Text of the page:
A small fleet of ships and robotic submersibles are performing a kind of water ballet in northern Monterey Bay this month, observing and following the evolution and consequences of algal blooms as part of MBARI’s CANON (Controlled, Agile, and Novel Observing Network) project and the multi-institutional BloomEx field trials.
Experts hope to use sonar images of a sunken ship off California’s coast to determine whether the vessel is at risk of leaking oil. The Monterey Bay Aquarium Research Institute (MBARI) sent a robotic submersible down to the wreck of the S. S. Montebello last week in an effort to assess the condition of the ship.
For almost three decades, oceanographers have been puzzled by the ability of microscopic algae to grow in mid-ocean areas where there is very little nitrate, an essential algal nutrient. In this week’s issue of Nature, MBARI chemical oceanographer Ken Johnson, along with coauthors Stephen Riser at the University of Washington and David Karl at the University of Hawaii, show that mid-ocean algae obtain nitrate from deep water, as much as 250 meters below the surface.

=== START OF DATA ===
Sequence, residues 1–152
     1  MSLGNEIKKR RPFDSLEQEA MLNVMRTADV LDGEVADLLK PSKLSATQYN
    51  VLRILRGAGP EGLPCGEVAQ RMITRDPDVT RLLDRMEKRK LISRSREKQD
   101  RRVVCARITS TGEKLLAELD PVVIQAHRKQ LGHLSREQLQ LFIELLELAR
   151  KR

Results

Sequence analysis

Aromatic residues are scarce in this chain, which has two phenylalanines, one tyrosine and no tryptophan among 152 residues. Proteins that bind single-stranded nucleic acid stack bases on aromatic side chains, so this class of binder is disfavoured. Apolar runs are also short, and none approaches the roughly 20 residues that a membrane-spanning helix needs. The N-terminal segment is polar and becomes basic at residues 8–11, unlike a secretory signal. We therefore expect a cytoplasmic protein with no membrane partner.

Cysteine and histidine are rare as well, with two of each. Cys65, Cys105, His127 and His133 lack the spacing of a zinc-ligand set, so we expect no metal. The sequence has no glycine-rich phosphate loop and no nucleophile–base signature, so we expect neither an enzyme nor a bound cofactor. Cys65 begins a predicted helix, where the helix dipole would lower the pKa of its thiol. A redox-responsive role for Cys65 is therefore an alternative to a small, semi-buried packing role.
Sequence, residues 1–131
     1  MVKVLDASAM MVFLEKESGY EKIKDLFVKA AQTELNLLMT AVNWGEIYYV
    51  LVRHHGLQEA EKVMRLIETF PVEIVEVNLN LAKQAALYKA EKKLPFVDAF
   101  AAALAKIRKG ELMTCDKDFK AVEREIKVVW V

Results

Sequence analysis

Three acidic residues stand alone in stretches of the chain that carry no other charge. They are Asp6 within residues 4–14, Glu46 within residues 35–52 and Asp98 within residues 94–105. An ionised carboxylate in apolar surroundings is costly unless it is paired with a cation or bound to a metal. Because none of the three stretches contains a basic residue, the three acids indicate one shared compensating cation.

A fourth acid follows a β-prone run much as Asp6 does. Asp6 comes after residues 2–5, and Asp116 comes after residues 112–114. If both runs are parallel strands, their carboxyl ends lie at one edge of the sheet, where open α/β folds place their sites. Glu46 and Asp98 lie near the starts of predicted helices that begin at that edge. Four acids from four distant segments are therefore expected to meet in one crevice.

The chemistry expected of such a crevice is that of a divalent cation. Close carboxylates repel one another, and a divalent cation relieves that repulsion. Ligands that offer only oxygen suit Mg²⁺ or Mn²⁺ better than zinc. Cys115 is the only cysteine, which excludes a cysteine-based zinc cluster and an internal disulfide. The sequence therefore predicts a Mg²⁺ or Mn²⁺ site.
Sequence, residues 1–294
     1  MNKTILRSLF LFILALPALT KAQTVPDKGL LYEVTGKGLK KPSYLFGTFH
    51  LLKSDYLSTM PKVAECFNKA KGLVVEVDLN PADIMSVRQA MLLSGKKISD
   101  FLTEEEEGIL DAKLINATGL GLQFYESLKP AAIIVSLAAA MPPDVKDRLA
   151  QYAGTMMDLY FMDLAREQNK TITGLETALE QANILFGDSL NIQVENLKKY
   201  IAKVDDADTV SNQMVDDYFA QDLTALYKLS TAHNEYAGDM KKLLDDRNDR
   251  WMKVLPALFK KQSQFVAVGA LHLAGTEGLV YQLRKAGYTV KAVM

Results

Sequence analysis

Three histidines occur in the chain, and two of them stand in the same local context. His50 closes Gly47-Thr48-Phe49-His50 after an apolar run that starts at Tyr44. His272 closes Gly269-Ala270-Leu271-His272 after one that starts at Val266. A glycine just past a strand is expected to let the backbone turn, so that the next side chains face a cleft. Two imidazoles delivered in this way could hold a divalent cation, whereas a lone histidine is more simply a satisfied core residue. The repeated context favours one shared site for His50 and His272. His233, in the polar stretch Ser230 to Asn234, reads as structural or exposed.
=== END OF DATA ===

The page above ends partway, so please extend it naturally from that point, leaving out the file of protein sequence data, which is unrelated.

A new video created by the San Francisco public television station KQED captures the elegance and mystery of jellies. The program was created as part of the award-winning multimedia science series, QUEST. It premiered on May 25, 2010 on public television stations in the San Francisco and Monterey Bay areas.
MBARI’s Division of Marine Operations, under an agreement with the National Oceanic and Atmospheric Administration (NOAA), sent a high-tech robotic submersible to the oily waters of the Gulf of Mexico. The goal is to collect information about the oil plume from the Deepwater Horizon drilling rig accident for NOAA.